What is quality in this case? It is not difficulty or complexity, it is not hummability or ease. It is not a hundred notes played at the same time, while reciting Milton with a monotonous voice. It is not only one of these in any case, and it certainly is not three semi-incompetents – the refuse of a popularity concert – playing the blandest version possible of a Leonard Cohen song. I’d like to say originality has something to do with quality, but how original can one be, and isn’t too much originality easily bordering on the unlistenable? Authenticity is another word one can easily use, but what the hell does that mean? That the music is pretty much the same as when the form first developed? That the feelings one is trying to communicate is somehow deeper, more real, than the mainstream? That one is not consciously copying a specific song? I just don’t know if I can form a good answer to this. I feel like the American in the art gallery (“I don’t know much about art, but I know what I like!”)

If it all comes down to personal preference, what good are reviews? Often they are not much good at all. I find a reviewer I see have more or less the same taste in music as myself and find out whether he liked so and so’s last record. Seldom do I learn anything about what made the record good or bad. He might say it was boring, too many uptempo songs, too slow. Yes. Indeed.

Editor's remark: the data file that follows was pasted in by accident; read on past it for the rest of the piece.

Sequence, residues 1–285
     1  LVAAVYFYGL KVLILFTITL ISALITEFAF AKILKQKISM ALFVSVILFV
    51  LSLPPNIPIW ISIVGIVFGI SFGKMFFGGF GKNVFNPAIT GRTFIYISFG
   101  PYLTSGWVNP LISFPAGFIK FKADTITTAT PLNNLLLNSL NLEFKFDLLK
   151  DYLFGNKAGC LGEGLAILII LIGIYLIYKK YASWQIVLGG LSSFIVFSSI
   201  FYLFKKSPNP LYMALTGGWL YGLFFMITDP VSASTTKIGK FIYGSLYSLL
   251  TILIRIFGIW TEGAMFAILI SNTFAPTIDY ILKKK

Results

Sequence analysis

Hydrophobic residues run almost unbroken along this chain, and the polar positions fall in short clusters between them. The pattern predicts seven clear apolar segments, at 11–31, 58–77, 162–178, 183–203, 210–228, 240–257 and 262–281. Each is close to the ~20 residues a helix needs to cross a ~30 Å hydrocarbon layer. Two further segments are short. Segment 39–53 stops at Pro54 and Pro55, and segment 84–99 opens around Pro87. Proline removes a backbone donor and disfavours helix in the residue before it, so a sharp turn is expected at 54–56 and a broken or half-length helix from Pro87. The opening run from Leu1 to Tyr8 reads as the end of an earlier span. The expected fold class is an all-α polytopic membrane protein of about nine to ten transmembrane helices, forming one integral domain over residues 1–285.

There must be something more, something else to say. Music is an extremely democratic form of art. Few people will admit to having a bad taste in music – and the few who do flaunt it like a badge of honour (yes, hello you homosexuals out there!). People are perfectly happy about listening to what I would deem excretable crap, even if it is redundant, and I guess no one is hurt by this. But yes, hell, we are hurt, we are hurt by the record companies manufacturing hits, manufacturing music as if they have a code to solve what people want to listen to. The code is called money, it is called publicity, it is called directing the product to the market, finding the least common denominator and squeezing it like an overripe lemon.

“What is wrong about giving the people what they want?”

But they don’t know what they want, they take what you throw at them, what saturates all entrypoints to society, they don’t know the alternatives to what the radiostations offer them.

“So, you’re saying you are smarter than the rest of them, that you know better, that your taste is more elevated?”

No, well, yes.

“Why?”

God, I don’t know. Because …

“We thought so. Thank you for calling.”

The good thing about writing a blog is not having to defend oneself. I guess I should try it.

I notice that I’m beginning to be less than stellar in my reasoning, so I’ll stop here for now. I meant to write a short post about 10 highly rated music groups or –artists that really and in fact beyond any reasoning are shit, but that will be a matter for the next post…

Advertisements

Tags: , , , ,

One Response to “Taste and Culture”

  1. Bookmarks about Gnosticism Says:

    […] – bookmarked by 4 members originally found by adamhill on 2008-07-21 Taste and Culture https://anotherkindofclay.wordpress.com/?p=48 – bookmarked by 2 members originally found by […]

Leave a Reply

Fill in your details below or click an icon to log in:

WordPress.com Logo

You are commenting using your WordPress.com account. Log Out / Change )

Twitter picture

You are commenting using your Twitter account. Log Out / Change )

Facebook photo

You are commenting using your Facebook account. Log Out / Change )

Google+ photo

You are commenting using your Google+ account. Log Out / Change )

Connecting to %s


%d bloggers like this: